BONUS 202: Luteinizing Hormone 101

April 12, 2019

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Today’s bonus episode guest is Dr. Allison Rodgers. She is board certified in both Obstetrics and Gynecology and Reproductive Endocrinology and Infertility and has been practicing medicine since 2004. Dr. Rodgers currently practices at the Fertility Centers of Illinois. Her personal experiences with both secondary infertility and pregnancy loss have given her a unique insight into reproductive medicine in order to help you beat infertility.

Episode Sponsor:

Fertility Centers of Illinois

Dr. Rodgers begins by answering six listener questions. The full questions are read on the air, but here are brief summaries:

  • Maria is 40 and has had several unsuccessful IVF and IUI cycles. She asks if fertility medications could be making her embryos genetically abnormal, or if egg quality is simply diminishing with her age.
  • Mary has had several unsuccessful IVF and IUI cycles. In two retrievals, she had 45 eggs, but no Day 5 blasts. She asks if she should continue with her own eggs, or donor eggs, or push for a Day 3 transfer.
  • Dana asks if it’s possible to have PCOS and hypothalamic amenorrhea simultaneously, and if so, what the best treatment path would be.
  • Kristi‘s husband had a vasectomy reversal, and they’ve done two IVF rounds with no success. Donor eggs have been recommended, but she asks if supplements might improve her egg quality.
  • Heather had her first donor egg cycle recently; she asks about possible reasons for the lower blastocyst quality in the 32 eggs retrieved from her 21-year-old donor.
  • Erika has been diagnosed with premature ovarian failure at age 26, and she’s had multiple failed IVF rounds. She moved to donor eggs, but she wants to know if there is anything she can do to increase the rate of success for the next transfer.

Dr. Rodgers and Heather continue the episode by discussing everything you need to know about luteinizing hormone:

  • Let’s start with a foundation. What is luteinizing hormone, and where and how is it produced?
  • Broadly speaking, how does LH impact both women and men?
  • Do LH levels change throughout your cycle? If so, how and why?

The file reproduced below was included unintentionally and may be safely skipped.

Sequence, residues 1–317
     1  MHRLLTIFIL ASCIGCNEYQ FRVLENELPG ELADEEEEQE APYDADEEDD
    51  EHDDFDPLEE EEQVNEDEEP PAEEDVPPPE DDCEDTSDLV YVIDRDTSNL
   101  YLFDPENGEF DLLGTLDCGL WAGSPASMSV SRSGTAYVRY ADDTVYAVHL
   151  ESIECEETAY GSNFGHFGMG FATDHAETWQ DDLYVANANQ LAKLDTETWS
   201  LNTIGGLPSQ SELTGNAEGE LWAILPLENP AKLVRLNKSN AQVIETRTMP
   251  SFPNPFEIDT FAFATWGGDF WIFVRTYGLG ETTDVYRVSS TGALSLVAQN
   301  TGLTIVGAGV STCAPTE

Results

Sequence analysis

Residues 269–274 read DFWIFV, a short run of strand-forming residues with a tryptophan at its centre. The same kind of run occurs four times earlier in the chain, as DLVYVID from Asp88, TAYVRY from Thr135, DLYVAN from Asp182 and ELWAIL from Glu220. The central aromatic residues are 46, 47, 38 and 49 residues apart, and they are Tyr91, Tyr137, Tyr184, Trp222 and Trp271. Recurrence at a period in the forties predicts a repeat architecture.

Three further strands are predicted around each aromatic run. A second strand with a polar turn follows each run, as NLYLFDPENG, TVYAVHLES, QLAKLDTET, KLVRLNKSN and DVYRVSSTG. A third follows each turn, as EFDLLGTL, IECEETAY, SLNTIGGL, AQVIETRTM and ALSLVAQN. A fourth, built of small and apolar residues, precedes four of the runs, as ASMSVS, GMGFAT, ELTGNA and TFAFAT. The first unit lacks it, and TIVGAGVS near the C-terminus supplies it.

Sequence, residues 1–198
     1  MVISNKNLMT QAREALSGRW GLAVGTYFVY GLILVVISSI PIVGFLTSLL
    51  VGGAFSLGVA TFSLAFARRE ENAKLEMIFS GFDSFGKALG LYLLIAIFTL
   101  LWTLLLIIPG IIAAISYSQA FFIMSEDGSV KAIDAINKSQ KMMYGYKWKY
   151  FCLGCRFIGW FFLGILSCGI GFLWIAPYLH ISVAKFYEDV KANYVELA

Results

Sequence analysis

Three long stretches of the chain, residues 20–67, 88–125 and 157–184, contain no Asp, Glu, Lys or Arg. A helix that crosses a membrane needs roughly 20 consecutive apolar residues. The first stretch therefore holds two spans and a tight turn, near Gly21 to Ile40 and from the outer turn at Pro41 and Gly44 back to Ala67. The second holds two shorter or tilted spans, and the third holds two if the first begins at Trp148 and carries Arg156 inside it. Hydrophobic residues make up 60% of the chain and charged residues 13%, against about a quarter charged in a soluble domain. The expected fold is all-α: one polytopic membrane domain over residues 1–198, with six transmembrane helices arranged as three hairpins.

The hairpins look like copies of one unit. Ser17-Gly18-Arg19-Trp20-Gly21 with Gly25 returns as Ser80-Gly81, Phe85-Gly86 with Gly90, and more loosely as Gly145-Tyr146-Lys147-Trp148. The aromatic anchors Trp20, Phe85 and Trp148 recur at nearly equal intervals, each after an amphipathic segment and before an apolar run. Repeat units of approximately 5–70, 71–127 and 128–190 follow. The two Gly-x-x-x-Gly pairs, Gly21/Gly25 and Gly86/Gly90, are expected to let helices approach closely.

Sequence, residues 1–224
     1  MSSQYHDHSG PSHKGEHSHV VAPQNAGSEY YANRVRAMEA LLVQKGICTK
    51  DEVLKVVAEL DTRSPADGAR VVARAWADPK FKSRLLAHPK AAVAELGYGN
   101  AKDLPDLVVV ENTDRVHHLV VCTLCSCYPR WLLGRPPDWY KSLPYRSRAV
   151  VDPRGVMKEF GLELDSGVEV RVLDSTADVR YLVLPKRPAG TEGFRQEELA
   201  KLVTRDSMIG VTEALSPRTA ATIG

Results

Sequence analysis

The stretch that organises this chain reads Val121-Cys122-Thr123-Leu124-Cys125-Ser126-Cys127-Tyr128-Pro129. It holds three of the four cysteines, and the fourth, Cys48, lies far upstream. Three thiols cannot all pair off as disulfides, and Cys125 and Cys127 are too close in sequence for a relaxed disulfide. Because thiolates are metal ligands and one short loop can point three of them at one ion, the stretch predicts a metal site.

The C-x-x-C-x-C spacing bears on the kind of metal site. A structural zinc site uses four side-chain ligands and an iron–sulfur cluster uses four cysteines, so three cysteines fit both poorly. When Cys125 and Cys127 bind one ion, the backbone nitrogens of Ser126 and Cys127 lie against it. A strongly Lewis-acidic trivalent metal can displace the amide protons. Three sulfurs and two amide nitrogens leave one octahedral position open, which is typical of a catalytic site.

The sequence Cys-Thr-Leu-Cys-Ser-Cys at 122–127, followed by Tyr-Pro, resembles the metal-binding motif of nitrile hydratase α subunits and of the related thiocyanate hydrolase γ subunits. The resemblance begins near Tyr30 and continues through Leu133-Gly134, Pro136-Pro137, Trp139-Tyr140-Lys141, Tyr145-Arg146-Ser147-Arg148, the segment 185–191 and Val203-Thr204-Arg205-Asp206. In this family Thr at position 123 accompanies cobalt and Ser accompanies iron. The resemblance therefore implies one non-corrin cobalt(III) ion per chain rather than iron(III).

• Do LH levels change as you age? If so, how and why
  • Tell us about the normal range of LH at different ages for both women and men.
  • Tell us about too much LH in women:
    • What does this mean for a woman’s fertility?
    • What are the symptoms?
    • What are the causes?
    • What are the risk factors?
    • How is it diagnosed?
    • How is it treated (including any supplements)?
  • Tell us about too little LH in women:
    • What does this mean for a woman’s fertility?
    • What are the symptoms?
    • What are the causes?
    • What are the risk factors?
    • How is it diagnosed?
    • How is it treated (including any supplements)?
  • Tell us about too much LH in men:
    • What does this mean for a man’s fertility?
    • What are the symptoms?
    • What are the causes?
    • What are the risk factors?
    • How is it diagnosed?
    • How is it treated (including any supplements)?
  • Tell us about too little LH in men:
    • What does this mean for a man’s fertility?
    • What are the symptoms?
    • What are the causes?
    • What are the risk factors?
    • How is it diagnosed?
    • How is it treated (including any supplements)?
  • Tell us about the use of LH during an IVF cycle.
    • Why do doctors prescribe LH during IVF cycles, and at what point during the cycles?
    • What are the different types of LH an infertility patient might be prescribed, and at what doses? Please explain.
    • What are the possible side effects of prescription LH? How long do these side effects last?
    • Is there an ideal LH range for an embryo transfer? If so, why?
  • Is there any new, exciting research in the area of LH and fertility?
  • Do you have any success stories you can share about patients who had LH levels that were either too high or too low for their age?
  • Is there anything else you’d like to add about LH? (Medically, not related to words of hope.)
  • What words of hope would you offer to listeners who’ve been worried about their LH levels?

Have a question you want Dr. Rodgers to answer next time she’s on? Click here.

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